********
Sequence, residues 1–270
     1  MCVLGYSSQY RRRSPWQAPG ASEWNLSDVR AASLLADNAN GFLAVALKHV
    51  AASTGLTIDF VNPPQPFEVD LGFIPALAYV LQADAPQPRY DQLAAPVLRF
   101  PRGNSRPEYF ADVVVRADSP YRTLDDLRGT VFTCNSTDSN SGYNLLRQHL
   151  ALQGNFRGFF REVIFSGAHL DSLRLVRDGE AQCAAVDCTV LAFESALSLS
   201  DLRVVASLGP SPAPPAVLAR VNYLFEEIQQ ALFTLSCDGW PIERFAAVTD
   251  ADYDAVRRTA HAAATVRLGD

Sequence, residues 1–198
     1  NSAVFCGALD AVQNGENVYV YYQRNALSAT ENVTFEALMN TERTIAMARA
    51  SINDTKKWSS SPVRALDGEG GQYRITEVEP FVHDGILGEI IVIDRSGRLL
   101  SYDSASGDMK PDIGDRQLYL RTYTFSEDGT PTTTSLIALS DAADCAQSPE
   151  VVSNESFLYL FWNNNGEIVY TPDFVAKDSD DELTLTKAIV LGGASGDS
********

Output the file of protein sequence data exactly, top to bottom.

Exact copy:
Sequence, residues 1–270
     1  MCVLGYSSQY RRRSPWQAPG ASEWNLSDVR AASLLADNAN GFLAVALKHV
    51  AASTGLTIDF VNPPQPFEVD LGFIPALAYV LQADAPQPRY DQLAAPVLRF
   101  PRGNSRPEYF ADVVVRADSP YRTLDDLRGT VFTCNSTDSN SGYNLLRQHL
   151  ALQGNFRGFF REVIFSGAHL DSLRLVRDGE AQCAAVDCTV LAFESALSLS
   201  DLRVVASLGP SPAPPAVLAR VNYLFEEIQQ ALFTLSCDGW PIERFAAVTD
   251  ADYDAVRRTA HAAATVRLGD

Sequence, residues 1–198
     1  NSAVFCGALD AVQNGENVYV YYQRNALSAT ENVTFEALMN TERTIAMARA
    51  SINDTKKWSS SPVRALDGEG GQYRITEVEP FVHDGILGEI IVIDRSGRLL
   101  SYDSASGDMK PDIGDRQLYL RTYTFSEDGT PTTTSLIALS DAADCAQSPE
   151  VVSNESFLYL FWNNNGEIVY TPDFVAKDSD DELTLTKAIV LGGASGDS